The project has an ambitious goal to benefit a minimum of 3,000 teaching assistants by 2026, of whom 2,100 are females representing 70 percent (1,470 females in STEM, 630 females in humanities), and 900 are males representing 30 percent (630 males in STEM, 270 males in humanities).

Furthermore, a minimum of 580 Head Teachers, Directors of Studies, and Host Teachers will be trained to coach and mentor Teaching Assistants across 580 schools, reaching a minimum of 116 schools each year.

The teaching assistants receives laptops that will help them in their roles

Rica Rwigamba, the Country Director of the Mastercard Foundation, stated that the objective is to equip young people with the skills necessary for the market, which she believes begins with education.

“We know the importance of teachers. When you have a great teacher, you are motivated, and you learn better. These young people can join the teaching profession and improve the education system and the learning outcomes of students,” Rwigamba said.

Rica Rwigamba, the Country Director of the Mastercard Foundation believes that among the best students can emerge the best teachers

Gaspard Twagirayezu, the Minister of State for Primary and Secondary Education, emphasized that teaching is more than just a job; it should be viewed as a calling.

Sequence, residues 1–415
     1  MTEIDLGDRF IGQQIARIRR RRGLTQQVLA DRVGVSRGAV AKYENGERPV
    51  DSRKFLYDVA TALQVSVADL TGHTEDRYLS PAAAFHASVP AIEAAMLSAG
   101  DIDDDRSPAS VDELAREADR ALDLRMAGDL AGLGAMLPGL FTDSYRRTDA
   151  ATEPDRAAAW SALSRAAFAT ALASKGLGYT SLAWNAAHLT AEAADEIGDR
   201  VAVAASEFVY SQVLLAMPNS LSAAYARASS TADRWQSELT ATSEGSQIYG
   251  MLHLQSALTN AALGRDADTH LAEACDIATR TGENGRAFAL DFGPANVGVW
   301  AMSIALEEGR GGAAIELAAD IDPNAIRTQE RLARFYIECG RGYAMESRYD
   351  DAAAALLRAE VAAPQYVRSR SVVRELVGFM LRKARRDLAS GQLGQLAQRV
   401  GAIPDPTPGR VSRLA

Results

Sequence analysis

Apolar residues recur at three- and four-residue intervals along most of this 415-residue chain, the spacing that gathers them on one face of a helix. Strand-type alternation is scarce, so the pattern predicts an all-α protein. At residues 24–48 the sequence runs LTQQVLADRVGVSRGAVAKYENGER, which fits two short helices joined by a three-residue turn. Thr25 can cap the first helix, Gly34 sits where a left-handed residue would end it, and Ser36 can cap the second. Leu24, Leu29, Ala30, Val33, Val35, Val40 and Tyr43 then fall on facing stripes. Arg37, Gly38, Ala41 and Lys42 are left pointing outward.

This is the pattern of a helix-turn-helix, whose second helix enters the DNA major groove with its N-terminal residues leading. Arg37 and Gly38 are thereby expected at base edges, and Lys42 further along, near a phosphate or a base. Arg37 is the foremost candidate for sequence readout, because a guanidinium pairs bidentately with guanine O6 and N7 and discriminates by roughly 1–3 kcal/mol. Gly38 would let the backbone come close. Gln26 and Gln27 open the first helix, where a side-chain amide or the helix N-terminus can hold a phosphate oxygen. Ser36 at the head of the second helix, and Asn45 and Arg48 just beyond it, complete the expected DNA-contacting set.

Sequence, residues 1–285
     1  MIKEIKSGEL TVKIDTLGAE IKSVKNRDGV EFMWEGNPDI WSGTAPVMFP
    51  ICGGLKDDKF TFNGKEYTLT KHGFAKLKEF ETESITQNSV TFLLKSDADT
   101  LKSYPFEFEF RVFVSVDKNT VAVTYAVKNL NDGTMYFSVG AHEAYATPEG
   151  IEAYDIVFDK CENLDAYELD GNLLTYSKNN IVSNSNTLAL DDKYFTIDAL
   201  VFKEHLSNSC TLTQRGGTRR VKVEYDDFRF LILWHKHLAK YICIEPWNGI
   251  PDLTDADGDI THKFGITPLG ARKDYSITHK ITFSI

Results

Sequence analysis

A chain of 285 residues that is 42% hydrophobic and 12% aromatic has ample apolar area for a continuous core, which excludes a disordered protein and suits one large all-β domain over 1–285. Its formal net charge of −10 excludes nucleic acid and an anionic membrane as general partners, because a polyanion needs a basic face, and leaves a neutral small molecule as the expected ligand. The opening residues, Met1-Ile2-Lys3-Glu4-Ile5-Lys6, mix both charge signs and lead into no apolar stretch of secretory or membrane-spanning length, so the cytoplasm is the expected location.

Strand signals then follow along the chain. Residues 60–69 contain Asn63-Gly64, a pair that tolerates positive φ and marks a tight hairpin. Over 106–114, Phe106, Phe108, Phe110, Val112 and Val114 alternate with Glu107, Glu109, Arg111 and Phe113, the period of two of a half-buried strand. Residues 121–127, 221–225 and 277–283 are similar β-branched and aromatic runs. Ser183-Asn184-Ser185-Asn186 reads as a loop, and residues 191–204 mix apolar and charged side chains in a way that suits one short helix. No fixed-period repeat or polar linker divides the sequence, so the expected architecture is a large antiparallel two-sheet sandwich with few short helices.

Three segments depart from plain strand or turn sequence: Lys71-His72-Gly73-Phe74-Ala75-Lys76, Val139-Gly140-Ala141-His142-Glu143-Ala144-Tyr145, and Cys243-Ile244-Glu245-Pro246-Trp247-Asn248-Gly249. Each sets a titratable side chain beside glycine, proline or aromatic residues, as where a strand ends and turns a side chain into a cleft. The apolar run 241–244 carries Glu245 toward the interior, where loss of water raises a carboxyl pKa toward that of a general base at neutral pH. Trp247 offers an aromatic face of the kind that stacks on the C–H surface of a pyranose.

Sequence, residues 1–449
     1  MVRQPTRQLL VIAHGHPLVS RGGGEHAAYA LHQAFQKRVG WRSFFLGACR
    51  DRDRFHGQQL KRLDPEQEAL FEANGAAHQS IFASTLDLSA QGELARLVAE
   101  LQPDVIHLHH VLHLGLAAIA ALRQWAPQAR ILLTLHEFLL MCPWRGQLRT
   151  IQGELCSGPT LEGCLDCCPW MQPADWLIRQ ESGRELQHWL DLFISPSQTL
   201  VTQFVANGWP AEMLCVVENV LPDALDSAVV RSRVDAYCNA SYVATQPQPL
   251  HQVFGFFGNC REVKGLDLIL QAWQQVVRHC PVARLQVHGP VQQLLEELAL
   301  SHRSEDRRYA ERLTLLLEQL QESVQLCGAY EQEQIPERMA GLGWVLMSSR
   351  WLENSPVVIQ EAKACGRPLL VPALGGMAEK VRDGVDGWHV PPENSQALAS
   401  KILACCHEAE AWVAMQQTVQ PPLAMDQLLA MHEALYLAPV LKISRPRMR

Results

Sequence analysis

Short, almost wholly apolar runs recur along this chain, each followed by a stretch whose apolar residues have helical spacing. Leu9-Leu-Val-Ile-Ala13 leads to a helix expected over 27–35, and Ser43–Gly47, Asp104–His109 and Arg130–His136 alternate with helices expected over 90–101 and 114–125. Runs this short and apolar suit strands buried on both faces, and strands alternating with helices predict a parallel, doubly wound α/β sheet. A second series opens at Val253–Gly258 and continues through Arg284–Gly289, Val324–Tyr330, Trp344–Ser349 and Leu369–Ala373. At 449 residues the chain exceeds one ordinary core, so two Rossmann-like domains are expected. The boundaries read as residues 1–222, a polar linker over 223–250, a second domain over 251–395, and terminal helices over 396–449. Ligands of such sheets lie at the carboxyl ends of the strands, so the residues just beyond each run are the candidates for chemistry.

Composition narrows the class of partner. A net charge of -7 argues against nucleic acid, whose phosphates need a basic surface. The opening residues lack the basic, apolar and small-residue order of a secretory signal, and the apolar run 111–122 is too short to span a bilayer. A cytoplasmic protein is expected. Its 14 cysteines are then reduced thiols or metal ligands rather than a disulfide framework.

“It is a calling, it works better if the person doing it has a passion for the children and has a passion for education. When people start early, it instills that passion in them,” Twagirayezu said.

He added, “This is an effort to grow a significant number of teachers who treat this as a calling and not just a job.”

Minister of state, Gaspard Twagirayezu wishes more students would pursue a career in education

Despite some skepticism about the profession, the State Minister stressed that the sector is improving in terms of teacher welfare, teaching materials, and infrastructure.

He noted, “The teaching profession is actually improving. Recently, the government of Rwanda increased teachers’ salaries by 80% for primary school teachers, which is a positive development. We believe that the students who are studying today to become teachers will enter a profession that is better than it is today.”

He also urged the students pursuing a career in education to adopt and utilize new teaching methodologies, leverage technology, and engage in professional development opportunities.

“By doing so, you will stay ahead of the latest advancements in education and provide your students with a well-rounded learning experience,” he concluded.

Currently, in Basic Education (comprising primary and secondary school), there are approximately 100,000 individuals in the teaching profession and 4 million students. This highlights the immense importance, role, and consequential responsibility of teachers.

Students received certificates that highlight their achievements s
156 students among 630 are now pursuing careers in education
Students have not only helped their peers but they also impacted their families financially